Standing on the shoulders of giants.

We are proud to present 20
incredible women’s rights activists.
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Unity Dow

Unity Dow was the first female High Court judge in Botswana. She was a plaintiff in a historic case that allowed children of Botswanan women and foreign men to be considered Botswanan. Unity was also one of three judges who decided on the internationally known Kgalandi court decision, concerning the rights of the San people of Botswana to return to their ancestral lands.

Vandana Shiva

Vandana Shiva is an Indian environmental activist and author. In the 70s, she spoke against the ‘Green Revolution’, which aimed to alleviate hunger by improving crop performance with irrigation, fertilizers, pesticides, and mechanization. Aiming to green the world, she opposes globalization and the use of genetically modified crops. Vandana advocates for women’s active participation in agriculture.

Wangari Muta Maathai

Wangari Muta Maathai is the founder of the Green Belt Movement, an indigenous grass-roots organization that focuses on planting trees to replenish the environment and improve the quality of life for women. Maathai was the first African woman to receive the Nobel Peace Prize. The prize was awarded for her contribution to sustainable development, democracy and peace.

Shirin Ebadi

Shirin Ebadi is a former judge and human rights activist, and is also the founder of the Defenders of Human Rights Center in Iran, which focuses on the rights of women, children and refugees. She is the first Iranian in history to win the Nobel Peace Prize in 2003.

Tawakkol Karman

Tawakkol Karman is a journalist, politician and human rights activist. She won the Nobel Peace Prize for her non-violent struggle for the safety of women and their rights to full participation in peacebuilding work. She founded and still leads the group Women Journalists Without Chains to promote freedom of opinion and expression, and democratic rights.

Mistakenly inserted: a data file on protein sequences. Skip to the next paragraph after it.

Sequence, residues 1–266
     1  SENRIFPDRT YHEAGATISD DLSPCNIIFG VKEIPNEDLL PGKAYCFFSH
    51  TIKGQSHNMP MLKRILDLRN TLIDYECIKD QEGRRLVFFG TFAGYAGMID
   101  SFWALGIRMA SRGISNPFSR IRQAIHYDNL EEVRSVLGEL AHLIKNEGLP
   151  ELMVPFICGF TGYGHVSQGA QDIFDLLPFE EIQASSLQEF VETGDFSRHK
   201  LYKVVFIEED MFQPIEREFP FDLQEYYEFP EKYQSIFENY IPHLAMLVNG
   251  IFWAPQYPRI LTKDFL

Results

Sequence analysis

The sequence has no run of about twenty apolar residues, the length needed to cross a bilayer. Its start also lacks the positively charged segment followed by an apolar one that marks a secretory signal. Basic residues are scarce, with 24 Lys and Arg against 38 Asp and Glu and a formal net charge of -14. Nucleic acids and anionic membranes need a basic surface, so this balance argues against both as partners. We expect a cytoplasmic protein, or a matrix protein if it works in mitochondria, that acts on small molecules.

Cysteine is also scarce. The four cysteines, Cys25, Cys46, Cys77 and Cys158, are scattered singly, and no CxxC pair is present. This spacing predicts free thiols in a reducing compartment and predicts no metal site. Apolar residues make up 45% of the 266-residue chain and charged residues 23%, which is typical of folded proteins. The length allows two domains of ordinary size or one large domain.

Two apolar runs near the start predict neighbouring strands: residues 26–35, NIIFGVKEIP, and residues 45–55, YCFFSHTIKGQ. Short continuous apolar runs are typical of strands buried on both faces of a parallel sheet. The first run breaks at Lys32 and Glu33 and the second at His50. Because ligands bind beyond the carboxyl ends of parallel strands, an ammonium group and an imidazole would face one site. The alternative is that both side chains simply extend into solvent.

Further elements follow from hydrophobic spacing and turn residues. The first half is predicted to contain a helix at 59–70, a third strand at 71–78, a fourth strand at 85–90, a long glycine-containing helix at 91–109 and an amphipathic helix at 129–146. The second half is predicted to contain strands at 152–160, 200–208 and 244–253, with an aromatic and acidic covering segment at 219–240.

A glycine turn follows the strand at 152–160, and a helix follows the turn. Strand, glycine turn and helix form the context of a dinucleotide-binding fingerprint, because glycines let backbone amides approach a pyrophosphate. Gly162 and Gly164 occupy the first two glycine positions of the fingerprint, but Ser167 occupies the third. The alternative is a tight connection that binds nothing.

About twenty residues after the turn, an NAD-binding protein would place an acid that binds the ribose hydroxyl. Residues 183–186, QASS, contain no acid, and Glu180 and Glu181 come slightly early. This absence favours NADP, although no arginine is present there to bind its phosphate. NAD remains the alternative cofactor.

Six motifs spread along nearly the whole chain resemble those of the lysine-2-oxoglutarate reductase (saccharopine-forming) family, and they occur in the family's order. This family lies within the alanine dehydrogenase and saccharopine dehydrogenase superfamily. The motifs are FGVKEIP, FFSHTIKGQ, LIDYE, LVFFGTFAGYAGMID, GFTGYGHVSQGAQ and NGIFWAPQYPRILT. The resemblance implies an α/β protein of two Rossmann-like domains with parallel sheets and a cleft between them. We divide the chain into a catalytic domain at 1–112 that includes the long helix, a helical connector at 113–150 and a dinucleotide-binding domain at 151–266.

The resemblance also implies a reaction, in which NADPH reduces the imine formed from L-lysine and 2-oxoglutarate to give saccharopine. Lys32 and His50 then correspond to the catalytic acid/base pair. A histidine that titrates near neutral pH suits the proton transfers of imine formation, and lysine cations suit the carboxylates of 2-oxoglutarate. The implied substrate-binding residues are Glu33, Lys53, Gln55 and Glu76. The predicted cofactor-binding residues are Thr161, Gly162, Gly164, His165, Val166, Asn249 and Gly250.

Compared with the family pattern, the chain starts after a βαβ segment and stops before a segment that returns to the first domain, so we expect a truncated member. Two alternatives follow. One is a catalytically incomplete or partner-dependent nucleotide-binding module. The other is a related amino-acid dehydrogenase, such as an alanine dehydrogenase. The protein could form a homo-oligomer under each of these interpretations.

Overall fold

Simone de Beauvoir

Simone De Beauvoir was a French existentialist philosopher, an intellectual, political activist and a feminist writer. Her most famous novels are She Came to Stay, The Mandarins and The Second Sex. Simone was a significant figure of the 20th century feminist movement.

Stasa Zajovic

Staša Zajović is a peace and human rights activist from Serbia. She is the founder of Women in Black, and was nominated for the Nobel Peace Prize and the Right Livelihood Award. She was actively involved in the first feminist movements in former Yugoslavia.

Rosie the Riveter

Rosie the Riveter is the cultural icon of the U.S., representing the American women who worked in factories during World War II, commonly used as a symbol of feminism and women's economic power.

Rigoberta Menchú

Rigoberta Menchú is an activist and spokesperson of indigenous peoples rights and equality. She won the Nobel Peace Prize in 1992 for her work on behalf of the indigenous groups of Guatemala, her native country. In 2006, Rigoberta was one of the founders of the Nobel Women's Initiative, which aims to strengthen work being done in support of women's rights around the world. Her courageous work has made her a leading voice for the rights of indigenous and oppressed people worldwide.

Nelson Mandela


Nawal El Saadawi

Nawal El Saadawi is a leading Egyptian feminist, writer, activist, doctor and psychiatrist. She is the founder and president of the Arab Women's Solidarity Association and co-founder of the Arab Association for Human Rights. She has spent her life advocating for the rights of women.